Price When Reviewed: £4,270 plus VAT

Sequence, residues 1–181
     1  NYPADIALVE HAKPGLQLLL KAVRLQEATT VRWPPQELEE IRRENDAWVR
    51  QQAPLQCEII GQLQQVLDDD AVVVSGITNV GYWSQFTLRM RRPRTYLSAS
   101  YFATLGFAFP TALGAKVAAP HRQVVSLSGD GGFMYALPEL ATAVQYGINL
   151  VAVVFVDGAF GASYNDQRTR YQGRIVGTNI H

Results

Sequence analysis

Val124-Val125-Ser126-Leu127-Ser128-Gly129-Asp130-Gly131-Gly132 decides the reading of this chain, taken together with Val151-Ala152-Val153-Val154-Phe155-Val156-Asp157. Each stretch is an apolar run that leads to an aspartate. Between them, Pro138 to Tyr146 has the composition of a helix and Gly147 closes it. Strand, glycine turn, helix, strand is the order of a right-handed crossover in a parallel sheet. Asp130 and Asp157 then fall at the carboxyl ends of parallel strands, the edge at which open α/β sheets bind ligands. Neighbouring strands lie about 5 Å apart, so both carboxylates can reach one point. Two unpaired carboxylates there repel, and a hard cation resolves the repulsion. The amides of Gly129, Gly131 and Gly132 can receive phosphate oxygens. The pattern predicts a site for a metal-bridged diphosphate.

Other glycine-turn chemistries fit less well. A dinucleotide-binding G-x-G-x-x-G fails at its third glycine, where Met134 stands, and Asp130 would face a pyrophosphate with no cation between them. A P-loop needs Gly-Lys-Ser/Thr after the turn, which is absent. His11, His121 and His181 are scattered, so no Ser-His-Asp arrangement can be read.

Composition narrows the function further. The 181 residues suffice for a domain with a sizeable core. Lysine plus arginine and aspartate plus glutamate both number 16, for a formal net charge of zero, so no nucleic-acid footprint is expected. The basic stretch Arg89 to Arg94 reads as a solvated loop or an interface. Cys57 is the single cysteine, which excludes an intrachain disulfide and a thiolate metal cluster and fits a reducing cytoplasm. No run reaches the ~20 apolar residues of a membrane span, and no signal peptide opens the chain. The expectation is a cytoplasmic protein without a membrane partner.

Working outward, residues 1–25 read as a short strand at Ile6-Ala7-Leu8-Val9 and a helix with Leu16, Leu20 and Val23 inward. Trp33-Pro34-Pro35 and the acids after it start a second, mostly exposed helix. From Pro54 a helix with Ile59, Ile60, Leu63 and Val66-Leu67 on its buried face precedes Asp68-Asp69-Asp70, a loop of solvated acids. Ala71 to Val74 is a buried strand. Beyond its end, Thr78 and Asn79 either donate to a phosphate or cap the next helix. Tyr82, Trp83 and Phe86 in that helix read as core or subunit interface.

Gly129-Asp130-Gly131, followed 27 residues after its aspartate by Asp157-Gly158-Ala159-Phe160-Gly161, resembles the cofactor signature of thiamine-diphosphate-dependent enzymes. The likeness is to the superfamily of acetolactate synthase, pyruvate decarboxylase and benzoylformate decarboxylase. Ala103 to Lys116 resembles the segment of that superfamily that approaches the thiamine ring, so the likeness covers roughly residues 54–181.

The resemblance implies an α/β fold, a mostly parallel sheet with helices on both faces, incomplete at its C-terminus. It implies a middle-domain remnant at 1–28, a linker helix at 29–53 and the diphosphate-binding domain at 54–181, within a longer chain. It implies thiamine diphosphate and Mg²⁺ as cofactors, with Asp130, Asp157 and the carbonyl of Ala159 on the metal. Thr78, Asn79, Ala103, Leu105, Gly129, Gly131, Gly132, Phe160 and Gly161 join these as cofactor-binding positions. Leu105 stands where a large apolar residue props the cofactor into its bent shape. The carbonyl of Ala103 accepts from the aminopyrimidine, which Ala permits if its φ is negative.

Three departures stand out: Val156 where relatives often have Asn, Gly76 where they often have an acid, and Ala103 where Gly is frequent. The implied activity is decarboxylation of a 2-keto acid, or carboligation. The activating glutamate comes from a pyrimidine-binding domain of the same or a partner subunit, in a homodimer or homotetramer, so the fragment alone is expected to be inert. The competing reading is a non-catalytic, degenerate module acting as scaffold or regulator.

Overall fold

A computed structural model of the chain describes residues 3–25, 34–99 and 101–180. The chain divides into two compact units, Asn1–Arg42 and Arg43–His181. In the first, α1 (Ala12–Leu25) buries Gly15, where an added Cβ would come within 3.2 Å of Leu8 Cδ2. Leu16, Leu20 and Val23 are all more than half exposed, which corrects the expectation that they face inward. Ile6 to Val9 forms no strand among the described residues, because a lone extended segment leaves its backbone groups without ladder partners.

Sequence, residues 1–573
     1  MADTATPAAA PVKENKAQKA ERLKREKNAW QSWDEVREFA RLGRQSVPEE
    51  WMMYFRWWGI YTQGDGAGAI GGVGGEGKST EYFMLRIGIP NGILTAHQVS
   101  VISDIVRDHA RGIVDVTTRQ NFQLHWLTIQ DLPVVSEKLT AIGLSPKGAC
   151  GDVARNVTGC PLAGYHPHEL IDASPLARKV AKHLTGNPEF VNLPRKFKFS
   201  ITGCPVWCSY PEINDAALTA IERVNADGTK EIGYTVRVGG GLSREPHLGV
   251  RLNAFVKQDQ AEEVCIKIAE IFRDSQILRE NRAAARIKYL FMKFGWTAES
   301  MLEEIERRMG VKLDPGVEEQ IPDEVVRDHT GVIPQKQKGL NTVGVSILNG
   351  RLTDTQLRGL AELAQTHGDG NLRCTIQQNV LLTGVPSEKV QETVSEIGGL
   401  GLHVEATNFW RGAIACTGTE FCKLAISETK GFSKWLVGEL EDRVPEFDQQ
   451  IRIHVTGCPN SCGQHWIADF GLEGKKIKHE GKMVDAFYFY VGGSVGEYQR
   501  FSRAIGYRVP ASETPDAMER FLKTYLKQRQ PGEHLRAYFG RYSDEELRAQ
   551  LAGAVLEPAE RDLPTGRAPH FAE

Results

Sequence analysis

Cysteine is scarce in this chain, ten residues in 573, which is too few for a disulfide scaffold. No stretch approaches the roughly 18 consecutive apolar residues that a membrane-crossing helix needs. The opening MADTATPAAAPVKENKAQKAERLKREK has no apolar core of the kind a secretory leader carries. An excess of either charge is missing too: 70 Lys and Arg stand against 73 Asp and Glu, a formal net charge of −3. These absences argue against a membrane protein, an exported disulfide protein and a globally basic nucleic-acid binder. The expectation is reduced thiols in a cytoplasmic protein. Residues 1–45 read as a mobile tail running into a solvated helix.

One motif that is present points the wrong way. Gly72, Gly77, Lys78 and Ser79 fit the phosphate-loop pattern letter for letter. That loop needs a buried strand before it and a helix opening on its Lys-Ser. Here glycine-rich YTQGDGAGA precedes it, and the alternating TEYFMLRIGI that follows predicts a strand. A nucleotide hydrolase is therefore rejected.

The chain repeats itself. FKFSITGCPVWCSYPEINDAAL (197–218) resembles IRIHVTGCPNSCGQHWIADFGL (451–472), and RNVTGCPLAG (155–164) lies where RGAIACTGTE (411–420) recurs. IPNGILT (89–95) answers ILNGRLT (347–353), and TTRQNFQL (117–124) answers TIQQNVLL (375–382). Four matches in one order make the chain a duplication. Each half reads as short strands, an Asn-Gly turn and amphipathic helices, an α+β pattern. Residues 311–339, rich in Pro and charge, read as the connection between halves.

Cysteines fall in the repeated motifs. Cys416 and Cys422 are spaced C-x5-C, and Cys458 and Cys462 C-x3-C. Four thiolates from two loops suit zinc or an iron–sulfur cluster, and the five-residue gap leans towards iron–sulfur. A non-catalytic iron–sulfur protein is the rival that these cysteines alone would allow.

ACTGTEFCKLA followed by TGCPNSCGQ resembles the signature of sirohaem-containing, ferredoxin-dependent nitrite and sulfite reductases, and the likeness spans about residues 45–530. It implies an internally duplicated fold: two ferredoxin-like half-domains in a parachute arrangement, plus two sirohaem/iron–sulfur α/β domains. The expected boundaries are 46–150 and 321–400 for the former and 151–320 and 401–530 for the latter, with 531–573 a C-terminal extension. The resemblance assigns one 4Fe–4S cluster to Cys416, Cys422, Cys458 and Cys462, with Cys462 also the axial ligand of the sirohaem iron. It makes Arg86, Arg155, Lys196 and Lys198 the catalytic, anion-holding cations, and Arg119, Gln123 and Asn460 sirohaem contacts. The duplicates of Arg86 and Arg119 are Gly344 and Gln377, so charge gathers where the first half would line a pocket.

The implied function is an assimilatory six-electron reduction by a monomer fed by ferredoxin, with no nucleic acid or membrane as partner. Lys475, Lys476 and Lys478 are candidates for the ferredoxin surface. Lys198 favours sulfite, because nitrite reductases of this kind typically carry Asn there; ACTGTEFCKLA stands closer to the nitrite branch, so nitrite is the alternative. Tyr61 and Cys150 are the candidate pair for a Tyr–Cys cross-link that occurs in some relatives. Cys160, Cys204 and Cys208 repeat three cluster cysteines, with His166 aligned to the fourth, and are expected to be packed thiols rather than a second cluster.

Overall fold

The Softimage name is legendary in 3D. It’s been around since the beginning, and has been popular among film-effects studios for years. Now with prices tumbling, and the features of its competitors improving all the time, XSI 3.0 will have to work hard to maintain its place. Though beta releases have been available for some time, this is the first review of the final release version. Softimage has been streamlining its standard modelling tools for a long time now, and the new version builds on them rather than completely re-writing them. However, there are some useful new touches – such as the ability to hide polygons so that when a user is working with a complex model, the parts that aren’t being edited vanish. By this, viewport updating will be a lot faster, and tool performance will increase. Mesh-editing tools have also been made faster. Strike a pose There’s a new character section on the animate toolbar that includes, among other things, biped and quadruped guides. These tools help users quickly set up characters: simply position the guide so that the limbs follow the model a user has created, and then allow the package to build a skeleton to those dimensions. The result is a skeleton that’s well matched to your model, and has foot-roll setups for game or video jobs. Another useful character tool is a special spine chain – a tool designed for the torso and neck of a character, but that works well for tails and tentacles, too. The spine replaces traditional bones in those areas, and makes for much more realistic bending and twisting motions. New tools also help with the tricky problem of skinning characters by attempting to retain the volume of a skin as it’s bent, or compressing the joint. This can help with thorny issues such as shoulder and knee joints. In addition, there’s a character generator – a little like you’d see in Curious Labs Poser – where users can create new human figures by adjusting sliders to control the character’s body and facial attributes. It’s a quick and easy feature, which might come in handy, but it isn’t a part of the programming – the character generator shows off quite successfully just what you can achieve without scripting by building your own tools inside XSI 3.0. Animation admiration XSI’s ground-breaking non-linear animation editor – a feature since the first release – allows users to use an animation as a block which can then be cut-&-pasted, repeated, combined, or merged with other animations to create a scene. Non-linear animation editing has been improved in this upgrade – especially in the way that complex animations such as character movements can be blended. These improvements come from the idea that, just as a complex sound is made up of different repeating patterns and frequencies, so a complex animation can be thought of in the same way. A walking character has different rhythms set up by his hands, feet, head, and other body parts. The motion may be made up of dozens (or if it’s motion-capture data, hundreds) of keyframes, but if you can analyze the waveforms, you can work with them in a more intuitive way, changing the characteristics of motion, or creating loops and transitions between movements more easily and smoothly. Because users can play animations on the same object simultaneously, XSI 3.0 introduces ghosting. Ghosting lets you play back your motion, watching the contributions of different animation tracks to the finished movement. Following in the footsteps of packages such as NewTek LightWave, high-dynamic-range (HDRI) images can now be used to create global lighting for your scenes. These are photographs taken at various lens apertures so that lighting intensity from every direction can be accurately measured and reproduced automatically in your 3D scene. However, few people are likely to go to the trouble of taking HDRI images, and most will probably settle for using ordinary image maps. Hair today… Hair in XSI 3.0 is about as good as you can get. You can groom hair using guide strands, and it’s possible to get a fair approximation of what the hair will look like in the viewport in real time. Users can texture the hairs, use collision detection on them, and make them dynamic with relative ease. They can also copy styles from one character to another. The new gradient shader simplifies the creation of some very complex textures, giving the opportunity to add as many colours as a user likes to a gradient, and manage them over the surface of their objects. It’s even possible to replace any of the colours with images (or other textures), so a single texture could contain snowy peaks, rock textures, grass, and sand. If a copy of the same gradient is used to displace the ground object, a quick landscape is created. Gradients are also useful when using the new particle tools. Particle dynamics has been completely re-written for version 3.0. Turbulence can now be introduced to particles, and users can deform them with any of the normal geometric deformers – even IK. Each particle can be selected and edited as an object in its own right. Mental-ray instances can be used to improve rendering times when using objects as particles. In fact, this kind of instancing can improve both rendering and viewport performance for ordinary objects as well. There are also some new shapes for the camera-facing objects used to project textures when creating effects such as fire and smoke. These – especially when combined with the new gradient tool – improve combustion effects, but still aren’t up to the standard of volumetrics produced by LightWave or Pyrocluster. This is a big update to a big package. The character-animation and particle tools are probably the most significant changes, although there are a number of smaller alterations that make modelling and animation tools more usable. Real-time shaders will help games designers, and new motion-capture functions to record the movement of the input device and apply it to animated parameters will be useful for natural movements. However, XSI’s price continues to be higher than similar products being used to do similar jobs. That comparison looks set to be made more often as the market expands.